Higher ed groups, researchers ask Education Department to preserve key sample studies

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Dive Brief:

  • Nearly 50 higher education organizations and researchers are asking the U.S. Department of Education to preserve three large-scale studies that track current college students, graduates and how they financed their education. 
  • The Education Department already plans to end the Baccalaureate and Beyond Longitudinal Study, “the only nationally representative source for insights into what happens to students after they earn a bachelor’s degree,” the coalition wrote in a letter to agency officials last week. 
  • This is misguided, as right now “policymakers want more information about the return on investment of postsecondary education,” they wrote. An Education Department spokesperson said last week that it will review the letter. “The Department places a high value on the insights that collections like these provide for advancing postsecondary opportunities and outcomes,” the spokesperson said.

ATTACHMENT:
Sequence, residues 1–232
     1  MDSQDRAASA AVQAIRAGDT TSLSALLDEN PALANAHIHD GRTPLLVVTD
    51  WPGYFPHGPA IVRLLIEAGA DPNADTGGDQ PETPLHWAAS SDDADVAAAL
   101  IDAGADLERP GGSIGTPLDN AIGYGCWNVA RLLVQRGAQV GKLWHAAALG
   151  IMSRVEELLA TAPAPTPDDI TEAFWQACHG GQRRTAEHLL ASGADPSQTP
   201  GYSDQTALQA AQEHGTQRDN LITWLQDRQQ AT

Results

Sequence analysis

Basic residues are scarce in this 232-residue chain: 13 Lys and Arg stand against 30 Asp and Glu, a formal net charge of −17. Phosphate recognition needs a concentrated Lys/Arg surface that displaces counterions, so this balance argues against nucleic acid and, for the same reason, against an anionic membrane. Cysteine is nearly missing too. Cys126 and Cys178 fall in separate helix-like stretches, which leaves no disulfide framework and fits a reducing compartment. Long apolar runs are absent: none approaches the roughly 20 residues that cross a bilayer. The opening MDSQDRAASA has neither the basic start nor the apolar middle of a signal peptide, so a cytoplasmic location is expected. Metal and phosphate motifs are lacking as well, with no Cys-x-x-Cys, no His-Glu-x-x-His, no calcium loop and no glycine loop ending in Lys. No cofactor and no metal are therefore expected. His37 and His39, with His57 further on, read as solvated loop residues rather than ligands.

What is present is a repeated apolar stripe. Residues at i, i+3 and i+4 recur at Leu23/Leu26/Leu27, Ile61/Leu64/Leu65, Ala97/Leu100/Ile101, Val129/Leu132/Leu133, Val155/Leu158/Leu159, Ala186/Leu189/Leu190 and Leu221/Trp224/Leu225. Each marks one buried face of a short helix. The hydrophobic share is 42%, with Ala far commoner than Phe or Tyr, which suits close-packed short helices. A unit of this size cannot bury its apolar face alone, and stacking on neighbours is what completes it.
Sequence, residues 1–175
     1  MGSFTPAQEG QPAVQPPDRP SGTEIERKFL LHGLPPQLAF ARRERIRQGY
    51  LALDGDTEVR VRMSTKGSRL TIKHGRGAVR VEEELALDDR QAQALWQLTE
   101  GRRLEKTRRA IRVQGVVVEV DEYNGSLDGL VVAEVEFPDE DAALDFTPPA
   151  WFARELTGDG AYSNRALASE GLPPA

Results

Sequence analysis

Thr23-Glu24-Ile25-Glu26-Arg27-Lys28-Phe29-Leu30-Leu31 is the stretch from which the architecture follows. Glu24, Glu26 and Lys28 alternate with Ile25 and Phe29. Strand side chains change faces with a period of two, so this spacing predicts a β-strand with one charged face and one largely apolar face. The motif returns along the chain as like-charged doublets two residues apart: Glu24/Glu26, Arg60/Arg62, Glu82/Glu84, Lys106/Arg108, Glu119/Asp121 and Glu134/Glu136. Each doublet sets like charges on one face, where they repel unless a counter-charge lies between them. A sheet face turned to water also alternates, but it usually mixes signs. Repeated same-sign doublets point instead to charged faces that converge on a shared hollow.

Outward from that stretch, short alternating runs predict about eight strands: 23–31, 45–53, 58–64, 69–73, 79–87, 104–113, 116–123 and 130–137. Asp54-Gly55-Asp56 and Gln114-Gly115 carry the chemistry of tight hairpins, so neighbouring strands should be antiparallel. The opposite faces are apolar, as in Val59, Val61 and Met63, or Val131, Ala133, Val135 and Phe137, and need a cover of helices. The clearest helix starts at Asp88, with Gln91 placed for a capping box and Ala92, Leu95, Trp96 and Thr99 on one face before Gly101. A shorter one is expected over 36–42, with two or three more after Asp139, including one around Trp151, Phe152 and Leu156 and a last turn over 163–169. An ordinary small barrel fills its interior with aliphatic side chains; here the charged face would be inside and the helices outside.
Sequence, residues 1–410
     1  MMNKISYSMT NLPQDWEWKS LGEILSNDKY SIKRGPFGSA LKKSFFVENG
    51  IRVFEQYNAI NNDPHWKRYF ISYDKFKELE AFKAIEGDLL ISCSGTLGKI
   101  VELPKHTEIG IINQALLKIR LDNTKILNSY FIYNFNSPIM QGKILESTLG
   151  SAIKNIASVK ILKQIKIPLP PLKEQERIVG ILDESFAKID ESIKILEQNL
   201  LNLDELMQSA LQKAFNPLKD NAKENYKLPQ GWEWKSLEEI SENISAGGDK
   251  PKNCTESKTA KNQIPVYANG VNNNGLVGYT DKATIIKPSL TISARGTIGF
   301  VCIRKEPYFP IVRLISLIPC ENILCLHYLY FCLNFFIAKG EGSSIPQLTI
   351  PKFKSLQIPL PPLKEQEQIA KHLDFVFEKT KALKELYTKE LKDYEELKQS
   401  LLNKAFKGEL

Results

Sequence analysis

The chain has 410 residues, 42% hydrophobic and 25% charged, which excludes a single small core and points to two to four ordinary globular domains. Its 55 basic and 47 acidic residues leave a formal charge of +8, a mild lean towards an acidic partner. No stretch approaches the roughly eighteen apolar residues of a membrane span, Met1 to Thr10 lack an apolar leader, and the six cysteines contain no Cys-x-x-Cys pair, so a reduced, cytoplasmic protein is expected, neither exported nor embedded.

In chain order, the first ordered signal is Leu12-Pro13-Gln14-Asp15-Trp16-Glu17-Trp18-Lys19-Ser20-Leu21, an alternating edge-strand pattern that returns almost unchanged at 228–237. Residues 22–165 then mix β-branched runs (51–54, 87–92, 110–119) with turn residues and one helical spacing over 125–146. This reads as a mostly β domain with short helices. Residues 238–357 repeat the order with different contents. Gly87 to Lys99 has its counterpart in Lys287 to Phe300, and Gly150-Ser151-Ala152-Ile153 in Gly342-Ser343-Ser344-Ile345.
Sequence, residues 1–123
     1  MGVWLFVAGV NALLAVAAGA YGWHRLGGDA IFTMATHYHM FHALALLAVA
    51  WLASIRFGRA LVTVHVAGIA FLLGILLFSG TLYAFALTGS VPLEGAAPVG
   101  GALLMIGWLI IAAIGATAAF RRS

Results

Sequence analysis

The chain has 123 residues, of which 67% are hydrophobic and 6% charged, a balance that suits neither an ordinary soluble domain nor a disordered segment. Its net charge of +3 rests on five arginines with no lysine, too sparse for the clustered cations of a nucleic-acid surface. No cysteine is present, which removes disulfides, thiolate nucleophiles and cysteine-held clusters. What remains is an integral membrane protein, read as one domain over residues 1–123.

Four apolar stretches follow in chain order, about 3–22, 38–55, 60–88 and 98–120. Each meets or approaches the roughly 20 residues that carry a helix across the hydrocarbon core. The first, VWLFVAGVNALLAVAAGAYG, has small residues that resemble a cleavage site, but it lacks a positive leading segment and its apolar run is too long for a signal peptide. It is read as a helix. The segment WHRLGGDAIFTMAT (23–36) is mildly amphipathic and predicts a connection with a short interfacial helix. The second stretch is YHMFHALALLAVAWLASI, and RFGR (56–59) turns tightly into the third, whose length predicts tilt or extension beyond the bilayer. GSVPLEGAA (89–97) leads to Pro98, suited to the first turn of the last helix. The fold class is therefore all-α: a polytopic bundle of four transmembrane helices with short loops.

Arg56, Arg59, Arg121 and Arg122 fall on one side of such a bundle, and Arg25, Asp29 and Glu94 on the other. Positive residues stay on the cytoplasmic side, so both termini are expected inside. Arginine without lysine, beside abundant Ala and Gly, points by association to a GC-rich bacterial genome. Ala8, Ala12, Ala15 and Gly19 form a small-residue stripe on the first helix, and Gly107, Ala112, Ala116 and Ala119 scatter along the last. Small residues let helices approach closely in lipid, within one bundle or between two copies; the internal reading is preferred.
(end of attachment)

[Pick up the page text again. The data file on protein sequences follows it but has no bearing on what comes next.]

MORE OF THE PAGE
Dive Insight:

The letter signatories — which include the Institute for Higher Education Policy, or IHEP, and the American Association of State Colleges — said that the Education Department intends to discontinue the Baccalaureate and Beyond Longitudinal Study because of resource constraints.

The study, known as B&B, follows students’ education and work experiences after leaving college, with an emphasis on those who become elementary and secondary teachers.

It tracks graduating seniors one, four and 10 years after finishing their bachelor’s degrees.

Eliminating it “would create a significant gap in our understanding of return on investment of a postsecondary degree,” IHEP said in a public statement.

The groups and researchers also want to make sure the Education Department doesn’t touch the National Postsecondary Student Aid Study, or NPSAS, which looks at how students pay for college, and the Beginning Postsecondary Students Study, or BPS, which examines students at the beginning of their college career, and then three and six years later. 

NPSAS has been conducted every three to four years since 1987, while the BPS began in 1990.

As the Biden-Harris Administration develops its fiscal year 2025 budget proposal, we urge the agency to request sufficient funding to continue conducting — and strengthening — the postsecondary sample studies,” the letter reads.



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